Volatility

March 4, 2012

Is “Democracy” Worth Fighting For?

>

It’s daunting how the most basic terms of politics have been debased and corrupted by the propaganda flunkeys of the 1%. Part of their goal is to corrupt language and communication to the point that we despair of ever being able to meaningfully communicate. The situation seems especially dire to we who are striving to propagate terms and ideas directly against the system’s will.
 
If we despair this way, we basically give up the fight completely. We go silent, or regress to nihilistic word games. This was a favorite pursuit of latter-20th century intellectuals, the positivists and deconstructionists and promulgators of “theory” and so on. It was part of the abdication of thought and expression which helped clear the way for the corporate onslaught. By now there’s no “public intellectuals” or “men of letters” anywhere who meaningfully confront and oppose corporatism. 
 
So it is wherever we’re told that is a word has been corrupted, it must be considered permanently lost. It’s like how we’re supposed to give up on saving a piece of land for any purpose once vandals have damaged it in any way. So it is in general – the criminals simply vandalize something, which is supposed to then be an accomplished fact which permanently quashes all dissent.
 
But if we’re not going to fight for the term democracy then it seems there’s no term worth fighting for. In that case, the only thing necessary to send us running would be any attempt to co-opt any term – organic, sustainable, local, etc. We might as well throw in the towel on language itself. Humpty Dumpty has won once and for all, forever.
 
Fortunately for my own ability to continue with a can-do mindset, I don’t think things are that far gone. I think we can redeem the term democracy, and I’m certainly going to try.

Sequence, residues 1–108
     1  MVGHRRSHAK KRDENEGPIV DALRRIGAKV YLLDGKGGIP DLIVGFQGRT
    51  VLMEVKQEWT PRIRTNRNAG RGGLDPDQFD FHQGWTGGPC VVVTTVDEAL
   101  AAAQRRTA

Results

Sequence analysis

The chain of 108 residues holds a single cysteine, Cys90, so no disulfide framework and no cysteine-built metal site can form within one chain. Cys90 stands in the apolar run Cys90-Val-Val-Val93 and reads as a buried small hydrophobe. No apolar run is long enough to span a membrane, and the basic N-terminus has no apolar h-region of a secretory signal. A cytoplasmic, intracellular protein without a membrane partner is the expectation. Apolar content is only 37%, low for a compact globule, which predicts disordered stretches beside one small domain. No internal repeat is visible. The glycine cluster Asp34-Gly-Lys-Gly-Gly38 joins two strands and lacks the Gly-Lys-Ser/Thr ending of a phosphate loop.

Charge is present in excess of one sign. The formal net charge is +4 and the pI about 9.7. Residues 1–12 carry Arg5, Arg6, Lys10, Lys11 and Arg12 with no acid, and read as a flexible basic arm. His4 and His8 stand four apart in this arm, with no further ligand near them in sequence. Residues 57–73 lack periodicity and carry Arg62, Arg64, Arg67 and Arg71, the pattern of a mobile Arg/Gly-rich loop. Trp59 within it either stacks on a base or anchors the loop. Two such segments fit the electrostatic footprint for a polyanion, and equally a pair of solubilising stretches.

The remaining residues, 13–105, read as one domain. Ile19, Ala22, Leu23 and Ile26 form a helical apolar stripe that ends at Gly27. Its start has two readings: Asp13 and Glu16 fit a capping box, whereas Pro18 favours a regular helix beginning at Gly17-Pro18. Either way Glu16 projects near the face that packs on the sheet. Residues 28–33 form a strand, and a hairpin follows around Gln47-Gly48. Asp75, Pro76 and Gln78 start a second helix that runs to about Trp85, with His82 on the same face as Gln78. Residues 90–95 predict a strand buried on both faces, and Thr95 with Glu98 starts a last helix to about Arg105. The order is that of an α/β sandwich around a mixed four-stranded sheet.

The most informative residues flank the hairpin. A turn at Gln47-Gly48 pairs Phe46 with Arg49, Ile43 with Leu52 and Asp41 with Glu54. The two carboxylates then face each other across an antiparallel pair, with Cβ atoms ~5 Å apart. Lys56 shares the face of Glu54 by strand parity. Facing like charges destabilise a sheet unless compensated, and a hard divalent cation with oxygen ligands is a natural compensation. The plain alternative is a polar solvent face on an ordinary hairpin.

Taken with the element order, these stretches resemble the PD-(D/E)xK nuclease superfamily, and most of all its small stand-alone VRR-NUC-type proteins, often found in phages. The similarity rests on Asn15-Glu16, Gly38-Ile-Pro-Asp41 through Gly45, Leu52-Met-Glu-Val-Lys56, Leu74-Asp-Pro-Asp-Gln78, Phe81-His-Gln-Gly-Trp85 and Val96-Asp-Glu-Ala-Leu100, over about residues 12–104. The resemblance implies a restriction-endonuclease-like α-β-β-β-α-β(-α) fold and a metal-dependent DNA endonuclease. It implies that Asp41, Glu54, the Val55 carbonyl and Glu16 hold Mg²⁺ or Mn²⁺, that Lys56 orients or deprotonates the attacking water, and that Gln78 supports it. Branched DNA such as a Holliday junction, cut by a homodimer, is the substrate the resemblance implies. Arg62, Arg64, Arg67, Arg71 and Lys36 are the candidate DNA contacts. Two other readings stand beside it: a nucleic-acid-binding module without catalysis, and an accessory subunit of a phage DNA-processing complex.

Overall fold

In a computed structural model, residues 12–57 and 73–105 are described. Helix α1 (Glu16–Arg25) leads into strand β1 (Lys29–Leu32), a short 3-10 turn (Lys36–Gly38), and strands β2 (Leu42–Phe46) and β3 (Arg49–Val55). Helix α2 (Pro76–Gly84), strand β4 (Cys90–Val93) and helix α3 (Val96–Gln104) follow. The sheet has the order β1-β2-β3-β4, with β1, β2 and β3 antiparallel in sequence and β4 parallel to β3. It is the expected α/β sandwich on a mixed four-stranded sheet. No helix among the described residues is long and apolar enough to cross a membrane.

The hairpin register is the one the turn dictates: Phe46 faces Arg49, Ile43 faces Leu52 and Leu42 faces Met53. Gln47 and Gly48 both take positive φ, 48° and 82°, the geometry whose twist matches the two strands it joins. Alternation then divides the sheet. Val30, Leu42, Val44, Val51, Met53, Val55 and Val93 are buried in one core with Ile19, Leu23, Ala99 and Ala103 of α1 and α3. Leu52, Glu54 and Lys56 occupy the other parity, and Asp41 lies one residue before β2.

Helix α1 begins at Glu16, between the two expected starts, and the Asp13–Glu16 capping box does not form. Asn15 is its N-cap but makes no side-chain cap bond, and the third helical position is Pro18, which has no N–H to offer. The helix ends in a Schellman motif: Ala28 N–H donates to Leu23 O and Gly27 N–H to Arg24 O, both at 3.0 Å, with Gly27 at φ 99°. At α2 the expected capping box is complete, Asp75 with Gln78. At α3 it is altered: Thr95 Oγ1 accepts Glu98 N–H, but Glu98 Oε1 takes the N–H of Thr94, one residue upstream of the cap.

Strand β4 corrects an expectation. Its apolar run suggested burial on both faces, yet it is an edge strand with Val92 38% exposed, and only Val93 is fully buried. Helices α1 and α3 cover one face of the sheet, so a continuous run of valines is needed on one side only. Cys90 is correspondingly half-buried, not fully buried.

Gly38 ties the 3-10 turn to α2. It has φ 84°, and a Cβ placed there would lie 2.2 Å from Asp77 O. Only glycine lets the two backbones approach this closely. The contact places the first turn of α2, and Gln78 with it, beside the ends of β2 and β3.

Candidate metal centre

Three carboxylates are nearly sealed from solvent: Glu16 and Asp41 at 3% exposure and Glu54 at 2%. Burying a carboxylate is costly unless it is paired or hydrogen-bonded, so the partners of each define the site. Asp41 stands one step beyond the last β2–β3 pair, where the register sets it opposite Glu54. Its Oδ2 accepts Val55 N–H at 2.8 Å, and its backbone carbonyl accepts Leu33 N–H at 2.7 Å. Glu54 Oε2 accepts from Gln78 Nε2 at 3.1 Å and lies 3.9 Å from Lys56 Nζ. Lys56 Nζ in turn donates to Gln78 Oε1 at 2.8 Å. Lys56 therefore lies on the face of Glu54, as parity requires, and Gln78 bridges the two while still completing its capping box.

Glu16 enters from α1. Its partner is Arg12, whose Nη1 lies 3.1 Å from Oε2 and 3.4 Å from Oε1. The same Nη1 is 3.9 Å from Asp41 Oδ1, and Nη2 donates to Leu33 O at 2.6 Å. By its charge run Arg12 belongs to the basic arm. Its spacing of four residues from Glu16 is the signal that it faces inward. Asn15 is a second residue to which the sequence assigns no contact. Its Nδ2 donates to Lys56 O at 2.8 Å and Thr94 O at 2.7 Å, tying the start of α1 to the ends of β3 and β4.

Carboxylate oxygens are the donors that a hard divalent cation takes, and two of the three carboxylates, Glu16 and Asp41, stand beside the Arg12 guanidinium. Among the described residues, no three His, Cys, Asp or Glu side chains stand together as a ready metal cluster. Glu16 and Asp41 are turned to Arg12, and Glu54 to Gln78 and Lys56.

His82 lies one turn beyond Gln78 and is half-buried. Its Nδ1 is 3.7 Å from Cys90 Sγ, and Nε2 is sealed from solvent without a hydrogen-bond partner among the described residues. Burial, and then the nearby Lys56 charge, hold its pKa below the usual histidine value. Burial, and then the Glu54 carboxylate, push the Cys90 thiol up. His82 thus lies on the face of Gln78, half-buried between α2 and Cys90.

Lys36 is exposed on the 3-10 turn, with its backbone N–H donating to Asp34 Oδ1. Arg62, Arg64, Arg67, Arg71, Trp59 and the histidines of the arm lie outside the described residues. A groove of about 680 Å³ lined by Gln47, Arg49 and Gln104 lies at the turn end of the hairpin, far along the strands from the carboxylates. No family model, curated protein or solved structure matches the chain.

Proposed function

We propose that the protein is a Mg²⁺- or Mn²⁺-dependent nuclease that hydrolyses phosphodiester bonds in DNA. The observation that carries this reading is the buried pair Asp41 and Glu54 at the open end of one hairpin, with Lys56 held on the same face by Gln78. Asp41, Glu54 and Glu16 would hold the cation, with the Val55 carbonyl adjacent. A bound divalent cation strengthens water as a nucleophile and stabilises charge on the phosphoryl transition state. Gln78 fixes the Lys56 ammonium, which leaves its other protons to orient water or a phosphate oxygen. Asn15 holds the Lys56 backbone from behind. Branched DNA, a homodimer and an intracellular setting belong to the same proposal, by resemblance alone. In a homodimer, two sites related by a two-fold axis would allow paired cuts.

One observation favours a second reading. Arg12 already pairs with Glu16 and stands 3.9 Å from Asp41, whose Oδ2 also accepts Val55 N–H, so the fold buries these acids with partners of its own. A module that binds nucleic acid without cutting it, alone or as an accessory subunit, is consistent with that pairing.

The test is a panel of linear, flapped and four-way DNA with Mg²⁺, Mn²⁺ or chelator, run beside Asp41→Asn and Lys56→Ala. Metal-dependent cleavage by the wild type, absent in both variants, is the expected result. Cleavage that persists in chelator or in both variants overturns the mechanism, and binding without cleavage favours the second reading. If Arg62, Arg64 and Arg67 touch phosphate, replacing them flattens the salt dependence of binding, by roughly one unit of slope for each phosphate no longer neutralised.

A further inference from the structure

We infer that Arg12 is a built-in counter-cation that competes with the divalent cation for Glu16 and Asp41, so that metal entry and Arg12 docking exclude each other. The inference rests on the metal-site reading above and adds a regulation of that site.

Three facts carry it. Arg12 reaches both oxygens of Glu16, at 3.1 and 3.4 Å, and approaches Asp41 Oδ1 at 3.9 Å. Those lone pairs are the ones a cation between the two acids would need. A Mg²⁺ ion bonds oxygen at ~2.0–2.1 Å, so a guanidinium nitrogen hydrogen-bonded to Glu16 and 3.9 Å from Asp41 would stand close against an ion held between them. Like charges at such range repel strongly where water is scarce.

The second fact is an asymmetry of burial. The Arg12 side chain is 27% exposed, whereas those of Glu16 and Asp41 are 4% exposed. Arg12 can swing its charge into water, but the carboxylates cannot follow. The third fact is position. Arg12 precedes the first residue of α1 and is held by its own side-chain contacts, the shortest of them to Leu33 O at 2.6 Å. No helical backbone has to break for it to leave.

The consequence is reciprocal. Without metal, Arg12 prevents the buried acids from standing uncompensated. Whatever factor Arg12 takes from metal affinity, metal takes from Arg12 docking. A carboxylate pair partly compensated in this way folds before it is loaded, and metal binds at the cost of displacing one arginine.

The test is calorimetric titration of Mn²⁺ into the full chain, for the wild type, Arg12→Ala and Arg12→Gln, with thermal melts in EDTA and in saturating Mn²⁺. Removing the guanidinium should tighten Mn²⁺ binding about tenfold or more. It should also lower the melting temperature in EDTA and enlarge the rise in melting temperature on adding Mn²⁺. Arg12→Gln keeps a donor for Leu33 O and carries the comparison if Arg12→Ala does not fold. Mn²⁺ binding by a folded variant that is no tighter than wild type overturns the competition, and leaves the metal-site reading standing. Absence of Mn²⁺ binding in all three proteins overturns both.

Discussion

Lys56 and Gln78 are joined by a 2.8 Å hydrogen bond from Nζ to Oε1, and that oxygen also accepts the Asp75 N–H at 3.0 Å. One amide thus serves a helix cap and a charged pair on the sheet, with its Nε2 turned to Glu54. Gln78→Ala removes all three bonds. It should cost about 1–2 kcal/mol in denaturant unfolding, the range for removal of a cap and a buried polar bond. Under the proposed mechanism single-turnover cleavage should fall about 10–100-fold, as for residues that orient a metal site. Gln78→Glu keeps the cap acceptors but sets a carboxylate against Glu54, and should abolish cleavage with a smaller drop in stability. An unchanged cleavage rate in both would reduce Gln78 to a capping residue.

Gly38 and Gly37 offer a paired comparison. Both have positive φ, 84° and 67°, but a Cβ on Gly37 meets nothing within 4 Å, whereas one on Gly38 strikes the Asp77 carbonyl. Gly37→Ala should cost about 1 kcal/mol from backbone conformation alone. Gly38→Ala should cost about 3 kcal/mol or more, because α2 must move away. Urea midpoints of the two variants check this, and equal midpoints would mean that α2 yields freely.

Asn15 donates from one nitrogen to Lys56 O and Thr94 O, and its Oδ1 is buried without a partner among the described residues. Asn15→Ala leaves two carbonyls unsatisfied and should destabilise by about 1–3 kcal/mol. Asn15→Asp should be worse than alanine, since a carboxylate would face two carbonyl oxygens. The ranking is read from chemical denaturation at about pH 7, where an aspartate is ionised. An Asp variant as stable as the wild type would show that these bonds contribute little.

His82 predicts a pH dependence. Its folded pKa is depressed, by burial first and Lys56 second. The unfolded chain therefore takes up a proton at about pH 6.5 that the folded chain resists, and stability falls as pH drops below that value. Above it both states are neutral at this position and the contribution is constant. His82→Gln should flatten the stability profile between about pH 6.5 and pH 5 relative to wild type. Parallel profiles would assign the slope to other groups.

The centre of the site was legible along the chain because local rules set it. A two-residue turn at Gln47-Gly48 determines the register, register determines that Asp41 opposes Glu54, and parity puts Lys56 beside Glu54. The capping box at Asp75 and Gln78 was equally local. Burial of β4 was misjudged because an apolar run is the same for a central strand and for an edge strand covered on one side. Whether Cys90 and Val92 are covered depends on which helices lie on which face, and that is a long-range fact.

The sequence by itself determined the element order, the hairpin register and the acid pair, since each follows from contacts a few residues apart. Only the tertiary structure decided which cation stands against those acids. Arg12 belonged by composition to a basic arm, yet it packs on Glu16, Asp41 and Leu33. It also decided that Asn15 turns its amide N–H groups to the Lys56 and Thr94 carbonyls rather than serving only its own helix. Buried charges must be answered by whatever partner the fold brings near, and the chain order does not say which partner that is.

Democracy is, it’s true, a word loaded with all sorts of potential connotations. But the same is true of any term which tries to describe political and economic phenomena. “Capitalism” and the “free market” are similarly contested terms. Are we to let the criminals get away with their word games here, calling their rigged markets and command economies “capitalist” while attacking all alternative ideas and practices as affronts to pure textbook “capitalism”? No, we fight for a true conceptualization of it and a true use of that term. (Meaning, the capitalism of the textbooks is the most utopian ivory tower fantasy ever spewed, while the rigged and government-propped “markets” of reality are the real capitalism, the only one that’s ever existed, the only one that ever will exist.) Similarly, I propose to fight for the true concept and terms freedom, liberty, democracy.
 
If language is eternally a bone of contention, it’s self-evident we should fight for it. The only alternative to this is a deterministic, “regressive” ideology which is the reverse of “progressivism” – that language is doomed to become ever more corrupt and terminally the weapon of organized crime, never the tool of the people.